I guess if you disagree with The Tribune editorial board's belief in man-caused climate change, as House Environment Subcommittee Chairman Chris Stewart does, they will demean your character ("Not Stewart: Utah congressman denies reality," Our View, March 23).
The board claims Stewart is a denier of facts and scientific research, which makes him a denier of reality. They imply he shows no concern for climate change's human cost and he would callously eliminate any mention of it.
There is a big difference between questioning research and its conclusions and denying them. Stewart's position is a proper and informed one.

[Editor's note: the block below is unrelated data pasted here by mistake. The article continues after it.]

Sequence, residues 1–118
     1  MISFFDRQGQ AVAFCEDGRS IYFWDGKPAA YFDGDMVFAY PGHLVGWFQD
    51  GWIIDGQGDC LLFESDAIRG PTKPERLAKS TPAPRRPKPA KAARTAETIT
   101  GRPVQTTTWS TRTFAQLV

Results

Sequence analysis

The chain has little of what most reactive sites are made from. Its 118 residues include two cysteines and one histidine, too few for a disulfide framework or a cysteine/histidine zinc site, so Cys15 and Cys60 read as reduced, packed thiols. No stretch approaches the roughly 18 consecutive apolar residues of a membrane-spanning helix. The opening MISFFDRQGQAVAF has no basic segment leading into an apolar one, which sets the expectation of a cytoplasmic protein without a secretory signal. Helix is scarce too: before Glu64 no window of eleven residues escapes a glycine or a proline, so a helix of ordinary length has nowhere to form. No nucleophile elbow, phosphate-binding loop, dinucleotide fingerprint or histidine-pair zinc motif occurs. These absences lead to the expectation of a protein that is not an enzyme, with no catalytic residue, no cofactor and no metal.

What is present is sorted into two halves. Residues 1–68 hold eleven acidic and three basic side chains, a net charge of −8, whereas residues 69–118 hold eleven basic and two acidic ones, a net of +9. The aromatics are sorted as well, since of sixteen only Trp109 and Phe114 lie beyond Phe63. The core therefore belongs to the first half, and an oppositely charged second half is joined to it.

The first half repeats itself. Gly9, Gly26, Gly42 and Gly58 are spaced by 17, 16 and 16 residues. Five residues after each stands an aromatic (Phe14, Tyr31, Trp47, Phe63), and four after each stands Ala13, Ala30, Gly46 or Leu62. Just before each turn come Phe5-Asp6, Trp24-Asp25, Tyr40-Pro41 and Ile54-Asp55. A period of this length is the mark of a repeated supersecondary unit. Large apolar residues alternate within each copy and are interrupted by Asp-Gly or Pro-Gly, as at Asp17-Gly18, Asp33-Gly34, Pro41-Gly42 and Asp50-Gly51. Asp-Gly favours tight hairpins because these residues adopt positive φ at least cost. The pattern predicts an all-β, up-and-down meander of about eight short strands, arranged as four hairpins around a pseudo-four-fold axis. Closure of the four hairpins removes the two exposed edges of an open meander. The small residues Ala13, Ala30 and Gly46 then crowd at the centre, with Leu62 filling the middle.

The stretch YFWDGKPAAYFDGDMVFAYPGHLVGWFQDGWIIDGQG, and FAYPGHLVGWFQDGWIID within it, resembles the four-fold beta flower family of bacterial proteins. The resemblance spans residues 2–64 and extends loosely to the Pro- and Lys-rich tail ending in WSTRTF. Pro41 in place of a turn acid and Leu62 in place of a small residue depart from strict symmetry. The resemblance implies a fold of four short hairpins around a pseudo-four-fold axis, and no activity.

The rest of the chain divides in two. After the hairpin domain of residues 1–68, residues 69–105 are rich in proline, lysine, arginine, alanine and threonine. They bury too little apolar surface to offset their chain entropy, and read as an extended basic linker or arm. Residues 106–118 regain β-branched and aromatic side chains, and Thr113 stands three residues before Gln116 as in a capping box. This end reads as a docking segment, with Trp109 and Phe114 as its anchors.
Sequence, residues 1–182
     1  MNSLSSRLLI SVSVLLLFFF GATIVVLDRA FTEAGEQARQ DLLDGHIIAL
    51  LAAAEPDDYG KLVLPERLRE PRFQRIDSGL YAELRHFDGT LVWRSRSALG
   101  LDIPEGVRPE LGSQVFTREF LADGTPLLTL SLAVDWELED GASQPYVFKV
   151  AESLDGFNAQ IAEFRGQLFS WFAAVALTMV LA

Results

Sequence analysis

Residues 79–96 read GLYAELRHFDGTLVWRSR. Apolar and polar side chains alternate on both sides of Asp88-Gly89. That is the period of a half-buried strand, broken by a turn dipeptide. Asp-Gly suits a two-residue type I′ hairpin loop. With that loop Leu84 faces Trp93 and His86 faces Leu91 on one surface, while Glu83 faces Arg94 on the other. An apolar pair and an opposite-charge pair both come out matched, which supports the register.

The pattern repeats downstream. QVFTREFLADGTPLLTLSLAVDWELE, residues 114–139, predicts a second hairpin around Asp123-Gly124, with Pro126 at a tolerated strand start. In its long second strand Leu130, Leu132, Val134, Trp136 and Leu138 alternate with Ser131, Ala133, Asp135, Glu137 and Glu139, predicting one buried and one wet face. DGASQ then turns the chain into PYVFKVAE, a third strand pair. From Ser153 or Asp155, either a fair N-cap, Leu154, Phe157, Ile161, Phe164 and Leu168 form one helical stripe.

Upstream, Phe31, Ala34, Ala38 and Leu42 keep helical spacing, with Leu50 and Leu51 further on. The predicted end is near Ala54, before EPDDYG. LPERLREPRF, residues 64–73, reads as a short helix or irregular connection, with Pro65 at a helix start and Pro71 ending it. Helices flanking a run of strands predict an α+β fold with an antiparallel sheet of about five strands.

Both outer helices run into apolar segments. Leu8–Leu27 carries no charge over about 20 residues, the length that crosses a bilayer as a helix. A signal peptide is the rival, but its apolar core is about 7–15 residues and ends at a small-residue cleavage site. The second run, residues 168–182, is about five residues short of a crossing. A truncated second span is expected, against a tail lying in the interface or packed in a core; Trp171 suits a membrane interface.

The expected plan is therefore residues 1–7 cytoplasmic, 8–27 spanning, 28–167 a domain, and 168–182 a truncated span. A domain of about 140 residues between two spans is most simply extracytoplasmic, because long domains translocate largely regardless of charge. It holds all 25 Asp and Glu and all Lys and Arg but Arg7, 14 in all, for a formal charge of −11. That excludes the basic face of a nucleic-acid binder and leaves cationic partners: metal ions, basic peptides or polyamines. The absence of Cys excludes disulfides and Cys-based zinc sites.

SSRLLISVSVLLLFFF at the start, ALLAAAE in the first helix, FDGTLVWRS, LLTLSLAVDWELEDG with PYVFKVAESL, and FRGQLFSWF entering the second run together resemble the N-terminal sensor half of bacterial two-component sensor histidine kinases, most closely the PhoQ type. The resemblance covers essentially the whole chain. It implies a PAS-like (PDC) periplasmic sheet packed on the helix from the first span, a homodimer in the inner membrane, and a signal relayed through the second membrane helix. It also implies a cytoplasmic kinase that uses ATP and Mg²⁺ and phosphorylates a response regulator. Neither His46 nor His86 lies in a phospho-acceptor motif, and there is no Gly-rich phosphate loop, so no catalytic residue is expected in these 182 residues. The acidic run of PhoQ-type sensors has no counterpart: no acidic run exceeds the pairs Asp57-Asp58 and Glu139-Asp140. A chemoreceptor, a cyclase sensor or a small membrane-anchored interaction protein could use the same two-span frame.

He says the issue is not whether the climate has warmed but whether it is man-caused or natural or something in-between. Let's examine all of the science.
If the primary driver of climate change is not man-caused, as Stewart and many scientists suspect (including me), the overzealous edicts of this administration (which the editorial board supports) would waste trillions with little benefit.
Stewart is attacked by the editorial board because as chairman of this committee he would properly act as a check on these kinds of edicts. The editorial board would rather the public not know the reality of those facts.